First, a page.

Learning to Cope: A Walk in the Woods

Bloomington, Indiana // Photo Credit:  Kim Lewis Photography / shutterstock.com

As I head over the hill behind my house, I am thankful for my daily walk. I am always grateful for this time, but as our country faces its current health and economic crisis, I am even more so. I put one foot in front of the other and move on. There is a great deal of comfort in this — the moving on.

A deer dashes across my path. Squirrels scamper up and down the trees. Fields seem alive with rabbits hopping here and there. Birds are singing. Hillsides are covered with daffodils, jonquils and forsythia bushes. Fruit trees are in full bloom. Tiny green buds are appearing. As I take this in, all the noise and all the uncertainty our country is experiencing as we deal with the coronavirus pandemic begins to fade. 

As I take all this in, all the noise and all the uncertainty our country is experiencing as we deal with the coronavirus pandemic begins to fade.

I say a prayer for those who have contracted the virus, for people whose livelihood is threatened, health-care workers, homeless people seeking shelter and officials who are in charge of policies, and then I leave it in God’s hands.

I breathe in the fresh air. Spring has arrived, and although the temperature remains a bit chilly, signs of the season are everywhere. Life is renewing.

I have always been a fan of taking walks, but never have they been so meaningful. I am free to walk — or even run (if it were not for arthritic knees and rough terrain) while maintaining social distancing. I am fortunate to have 20 acres, mostly wooded, to wander about as I please. I am thankful for this and much else.

I walk to my spring and see water gushing over the hillside. I am thankful for the abundance of clear, clean water it provides. I am thankful for people smart enough to get the water from the middle of the woods to my kitchen sink.

I walk on up to the top of the hill to sit for a bit on “The Thinking Rock,” a boulder so named by one of my granddaughters, who went there when she was a little girl and needed to think things through. In the years since, she has grown up and I have borrowed it from her for a place to pray, to figure things out and make decisions and plans, and I am thankful for this quiet place. I am thankful for granddaughters, grandsons and all of my lovely family.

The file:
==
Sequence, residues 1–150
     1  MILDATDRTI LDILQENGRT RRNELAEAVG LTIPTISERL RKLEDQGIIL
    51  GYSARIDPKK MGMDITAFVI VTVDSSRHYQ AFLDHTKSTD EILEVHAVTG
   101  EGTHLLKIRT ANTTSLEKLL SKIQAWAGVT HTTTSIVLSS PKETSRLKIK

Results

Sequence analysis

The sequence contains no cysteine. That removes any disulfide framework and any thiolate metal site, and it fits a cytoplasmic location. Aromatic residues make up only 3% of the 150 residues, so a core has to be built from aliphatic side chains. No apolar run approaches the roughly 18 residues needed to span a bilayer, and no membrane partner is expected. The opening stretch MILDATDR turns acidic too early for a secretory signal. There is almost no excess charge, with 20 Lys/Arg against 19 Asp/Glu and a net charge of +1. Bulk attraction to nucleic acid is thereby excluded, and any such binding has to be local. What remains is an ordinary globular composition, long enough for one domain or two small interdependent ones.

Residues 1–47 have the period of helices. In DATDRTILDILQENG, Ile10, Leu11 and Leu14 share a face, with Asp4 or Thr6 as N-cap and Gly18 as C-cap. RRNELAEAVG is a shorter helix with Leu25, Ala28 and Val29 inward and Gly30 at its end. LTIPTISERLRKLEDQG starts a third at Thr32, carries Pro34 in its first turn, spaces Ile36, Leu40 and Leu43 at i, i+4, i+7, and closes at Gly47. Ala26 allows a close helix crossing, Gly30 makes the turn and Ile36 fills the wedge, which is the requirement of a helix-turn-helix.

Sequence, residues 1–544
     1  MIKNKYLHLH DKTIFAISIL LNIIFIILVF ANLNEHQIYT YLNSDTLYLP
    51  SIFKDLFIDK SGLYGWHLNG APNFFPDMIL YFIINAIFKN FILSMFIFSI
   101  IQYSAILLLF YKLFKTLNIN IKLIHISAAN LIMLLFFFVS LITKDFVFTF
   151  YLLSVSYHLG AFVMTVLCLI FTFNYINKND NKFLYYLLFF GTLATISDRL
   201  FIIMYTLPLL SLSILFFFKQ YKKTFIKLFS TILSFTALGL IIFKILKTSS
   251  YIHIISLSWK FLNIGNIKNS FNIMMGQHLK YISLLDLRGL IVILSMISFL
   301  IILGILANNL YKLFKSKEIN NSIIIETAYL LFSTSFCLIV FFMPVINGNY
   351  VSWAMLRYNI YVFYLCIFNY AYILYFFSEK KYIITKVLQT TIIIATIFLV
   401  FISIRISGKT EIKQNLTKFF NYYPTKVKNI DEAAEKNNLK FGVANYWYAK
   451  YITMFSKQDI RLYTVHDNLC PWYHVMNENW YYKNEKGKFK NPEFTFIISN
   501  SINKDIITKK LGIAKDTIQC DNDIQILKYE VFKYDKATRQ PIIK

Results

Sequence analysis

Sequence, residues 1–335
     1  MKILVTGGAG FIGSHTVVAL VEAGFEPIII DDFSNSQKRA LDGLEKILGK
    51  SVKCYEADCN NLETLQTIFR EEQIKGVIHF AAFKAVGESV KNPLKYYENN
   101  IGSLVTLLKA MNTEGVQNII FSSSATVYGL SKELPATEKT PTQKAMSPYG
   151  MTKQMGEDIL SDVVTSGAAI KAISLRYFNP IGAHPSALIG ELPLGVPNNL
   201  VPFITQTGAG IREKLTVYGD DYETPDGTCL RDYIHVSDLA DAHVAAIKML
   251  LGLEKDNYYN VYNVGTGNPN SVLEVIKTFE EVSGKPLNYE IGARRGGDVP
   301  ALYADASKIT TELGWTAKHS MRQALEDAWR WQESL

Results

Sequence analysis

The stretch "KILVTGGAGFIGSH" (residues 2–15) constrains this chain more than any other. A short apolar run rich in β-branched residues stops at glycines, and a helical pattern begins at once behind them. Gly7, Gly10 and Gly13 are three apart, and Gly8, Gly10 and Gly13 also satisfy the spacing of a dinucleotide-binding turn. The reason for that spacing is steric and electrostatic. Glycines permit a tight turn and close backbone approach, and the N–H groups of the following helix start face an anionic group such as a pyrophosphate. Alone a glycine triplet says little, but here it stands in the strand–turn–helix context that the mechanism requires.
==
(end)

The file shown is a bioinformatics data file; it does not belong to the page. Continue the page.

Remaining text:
I enjoy being with people, but sometimes I want to walk alone. I like music, but when I walk, I only want the sounds of the outdoors. At a distance I hear children calling to one another. Close by, I hear animals moving through the trees and the rumble of trains passing on the nearby tracks. The rhythmic hum of chainsaws means people are cutting wood not too far away. Sometimes, there is the droning of an airplane overhead. A few vehicles pass by. Signs of life. Today, the airplane sound is missing. There are fewer cars and no school bus. Everything seems quieter.

I wander on down the other side of the wooded hill to the gravel road on which my land lies. I travel the 3-mile circle back toward my house. I am thankful for this peaceful, safe street. I am thankful for the people whose homes I pass.

I spot a young boy walking probably 10 feet in front of me. He looks to be about 8 or 9 years old. And I am glad to see a person. I miss people. He turns around and waves. I wave back.

“Are we more than 6 feet apart?” he shouts.

“Yes, we are,” I assure him in a loud voice.

We smile at each other and continue on. Putting one foot in front of the other.  •

 

Story by Sara Combs

Photo: Bloomington, Indiana // Photo by Kim Lewis Photography / shutterstock.com

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